From this lovely detour into the evidence jungle, Harsha Dayal from the DPME then brought the participants back into the reality of trying to support the use of evidence in South Africa. Her presentation outlined DPME’s programme of policy-relevant evidence maps. DPME’s evidence maps have been applied in four strategic policy areas: human settlements, spatial transformation, the developmental state, and early grade mathematics. In each policy area, the maps took a different research approach and found different applications to inform decision-making. These diverse applications include among other: the highlighting of evidence gaps for key policy directions, providing the basis for evidence-based rapid responses to decision-makers’ request for information, and the setting of research agenda. Harsha concluded how the maps have been transformed from initially a research methodology into a knowledge management tool to facilitate the systematic sourcing and organisation of evidence-bases that are responsive to policy-makers’ needs and priorities.

However, evidence maps only get you so far in informing policy and decision-making. A key issue with evidence maps is that they are largely descriptive and require additional analysis to answer normative policy questions (eg, what works, how and why). Here, Harsha already hinted that DPME is using the maps to inform rapid responses to policy-makers’ requests. This application of the evidence maps as a source for rapid reviews and synthesis to answer normative policy questions shows huge potential but has not been formalised yet. To address this question of formalisation, the AEN had invited Rhona Mijumbi, the mother of Rapid Response Services in Africa, to present on her work of setting up rapid response units across Africa.

In her presentation, Rhona reflected on her almost 10 years of experience in setting up organisational structures and developing research methodologies to conducting rapid responses to inform policy-makers in Africa. She defined Rapid Response Services (RRSs) as a form of knowledge translation set up to avail already synthesised evidence to facilitate decision-makers in passing quick and or urgent decisions of policy relevance. Key characterises of RRSs thus include (1) the provision of the best available evidence (both, in terms of quantity and quality), (2) at a time when this evidence is needed, (3) in a direct response to an urgent decision-making need, (4) in a manner that contextualised the evidence to decision-makers’ priorities, and (5) packing and presenting the evidence as accessible as possible (eg format, language). Rhona went into great detail showing the use of her REACH model to RRS in Uganda. The audience learned about how her team provided responses to direct policy formulation, even up to providing responses to questions requested by the country’s president!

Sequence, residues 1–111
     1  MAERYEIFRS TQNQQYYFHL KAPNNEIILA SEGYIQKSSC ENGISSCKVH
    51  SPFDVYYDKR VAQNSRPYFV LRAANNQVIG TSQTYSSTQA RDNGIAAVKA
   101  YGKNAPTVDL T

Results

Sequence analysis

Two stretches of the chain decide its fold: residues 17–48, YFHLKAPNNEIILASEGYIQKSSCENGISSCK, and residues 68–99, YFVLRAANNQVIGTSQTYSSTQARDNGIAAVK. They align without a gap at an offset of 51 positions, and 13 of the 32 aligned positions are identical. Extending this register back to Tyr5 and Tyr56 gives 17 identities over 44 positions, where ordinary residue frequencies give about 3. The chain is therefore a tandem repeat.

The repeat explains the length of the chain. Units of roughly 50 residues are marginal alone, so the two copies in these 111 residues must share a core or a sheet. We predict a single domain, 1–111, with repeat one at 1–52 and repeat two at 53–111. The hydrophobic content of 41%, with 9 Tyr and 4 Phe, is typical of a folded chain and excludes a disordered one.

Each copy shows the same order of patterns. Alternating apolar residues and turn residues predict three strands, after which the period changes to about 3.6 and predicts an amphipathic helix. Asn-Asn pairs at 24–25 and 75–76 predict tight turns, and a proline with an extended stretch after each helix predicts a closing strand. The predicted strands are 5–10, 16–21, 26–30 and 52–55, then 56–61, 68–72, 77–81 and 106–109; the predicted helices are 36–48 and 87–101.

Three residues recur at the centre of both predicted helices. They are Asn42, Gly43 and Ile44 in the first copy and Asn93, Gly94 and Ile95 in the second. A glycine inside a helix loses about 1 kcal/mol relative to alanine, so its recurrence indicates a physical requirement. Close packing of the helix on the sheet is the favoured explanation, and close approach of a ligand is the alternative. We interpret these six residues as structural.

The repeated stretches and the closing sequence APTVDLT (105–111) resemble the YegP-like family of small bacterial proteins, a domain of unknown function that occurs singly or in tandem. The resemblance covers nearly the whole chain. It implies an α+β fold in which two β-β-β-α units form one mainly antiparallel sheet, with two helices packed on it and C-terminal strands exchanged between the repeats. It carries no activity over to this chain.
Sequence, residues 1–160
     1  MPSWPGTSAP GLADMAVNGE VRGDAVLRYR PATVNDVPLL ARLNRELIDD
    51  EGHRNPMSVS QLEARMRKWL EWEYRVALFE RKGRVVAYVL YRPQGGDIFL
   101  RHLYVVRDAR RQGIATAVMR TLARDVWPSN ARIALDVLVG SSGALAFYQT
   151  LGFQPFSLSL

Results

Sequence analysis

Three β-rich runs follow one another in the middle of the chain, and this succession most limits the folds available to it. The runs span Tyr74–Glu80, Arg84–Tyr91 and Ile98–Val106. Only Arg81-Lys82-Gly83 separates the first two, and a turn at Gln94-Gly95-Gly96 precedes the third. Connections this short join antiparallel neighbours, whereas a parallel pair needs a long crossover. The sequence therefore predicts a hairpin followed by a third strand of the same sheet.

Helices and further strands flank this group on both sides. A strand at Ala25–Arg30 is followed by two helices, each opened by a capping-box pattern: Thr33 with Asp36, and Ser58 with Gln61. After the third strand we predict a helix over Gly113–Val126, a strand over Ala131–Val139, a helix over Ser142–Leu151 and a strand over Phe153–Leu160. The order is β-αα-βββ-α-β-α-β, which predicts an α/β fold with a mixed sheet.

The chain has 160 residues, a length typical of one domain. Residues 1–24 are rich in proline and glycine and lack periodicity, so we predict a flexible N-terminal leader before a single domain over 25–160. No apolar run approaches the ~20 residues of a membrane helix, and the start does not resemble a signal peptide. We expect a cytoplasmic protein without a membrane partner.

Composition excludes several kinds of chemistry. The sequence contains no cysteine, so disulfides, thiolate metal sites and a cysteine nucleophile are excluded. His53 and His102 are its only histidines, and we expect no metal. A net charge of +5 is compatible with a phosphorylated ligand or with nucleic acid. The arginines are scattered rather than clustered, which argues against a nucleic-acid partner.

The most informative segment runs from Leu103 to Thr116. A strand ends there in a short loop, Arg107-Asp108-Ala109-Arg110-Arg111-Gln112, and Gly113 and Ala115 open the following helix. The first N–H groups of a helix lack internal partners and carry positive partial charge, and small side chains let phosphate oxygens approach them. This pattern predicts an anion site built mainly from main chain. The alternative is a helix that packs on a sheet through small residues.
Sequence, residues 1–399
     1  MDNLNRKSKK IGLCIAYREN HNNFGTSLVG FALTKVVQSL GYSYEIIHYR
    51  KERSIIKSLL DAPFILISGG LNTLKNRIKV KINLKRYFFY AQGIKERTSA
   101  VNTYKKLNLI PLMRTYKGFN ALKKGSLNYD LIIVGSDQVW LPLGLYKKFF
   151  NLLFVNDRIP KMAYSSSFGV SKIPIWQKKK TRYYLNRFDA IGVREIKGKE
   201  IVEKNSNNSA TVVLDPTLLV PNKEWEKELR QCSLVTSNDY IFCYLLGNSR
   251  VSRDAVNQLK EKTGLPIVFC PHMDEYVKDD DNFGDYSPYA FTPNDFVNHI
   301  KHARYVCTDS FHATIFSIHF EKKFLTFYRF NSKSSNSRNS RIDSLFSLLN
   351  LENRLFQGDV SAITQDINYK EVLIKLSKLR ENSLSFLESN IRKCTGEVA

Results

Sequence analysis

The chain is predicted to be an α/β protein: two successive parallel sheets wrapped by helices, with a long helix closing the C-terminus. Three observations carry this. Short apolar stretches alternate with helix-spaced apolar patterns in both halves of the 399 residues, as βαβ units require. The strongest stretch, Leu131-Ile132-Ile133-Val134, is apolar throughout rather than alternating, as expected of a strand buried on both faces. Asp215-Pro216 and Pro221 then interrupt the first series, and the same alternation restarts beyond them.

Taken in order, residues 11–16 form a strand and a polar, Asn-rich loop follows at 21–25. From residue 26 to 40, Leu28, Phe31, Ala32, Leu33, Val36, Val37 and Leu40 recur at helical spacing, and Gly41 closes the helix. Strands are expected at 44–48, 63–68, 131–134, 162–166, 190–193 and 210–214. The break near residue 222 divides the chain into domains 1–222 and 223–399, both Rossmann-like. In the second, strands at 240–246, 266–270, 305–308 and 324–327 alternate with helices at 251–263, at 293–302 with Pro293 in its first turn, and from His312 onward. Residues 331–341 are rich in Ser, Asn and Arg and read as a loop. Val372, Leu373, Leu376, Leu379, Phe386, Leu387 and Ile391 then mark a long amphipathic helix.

Following these rich and in-depth presentations on evidence maps and rapid response services, Ruth Stewart the Director of the Africa Centre for Evidence then facilitated a lively conversation on the relevance of both mechanisms for evidence use to decision-makers in South Africa. There was a sense of excitement in the room and the prospect of potentially marrying DPME’s policy-relevant evidence maps with Rhona’s model for RRS had participants talking way into the lunch slot!

*This event was part of a larger 3-day learning exchange on evidence mapping and rapid response services organised by the AEN. In a previous blog, Zafeer Ravat reflected on the public lecture part of this learning exchange and in a future blog Harsha, Rhona, and Laurenz will reflect on the overall outcome of the 3-day event.

 

 

 

 

 

 

 

 

 

By | 2018-08-29T10:53:53+00:00 August 28th, 2018|Evidence animals, Evidence maps and rapid response services|0 Comments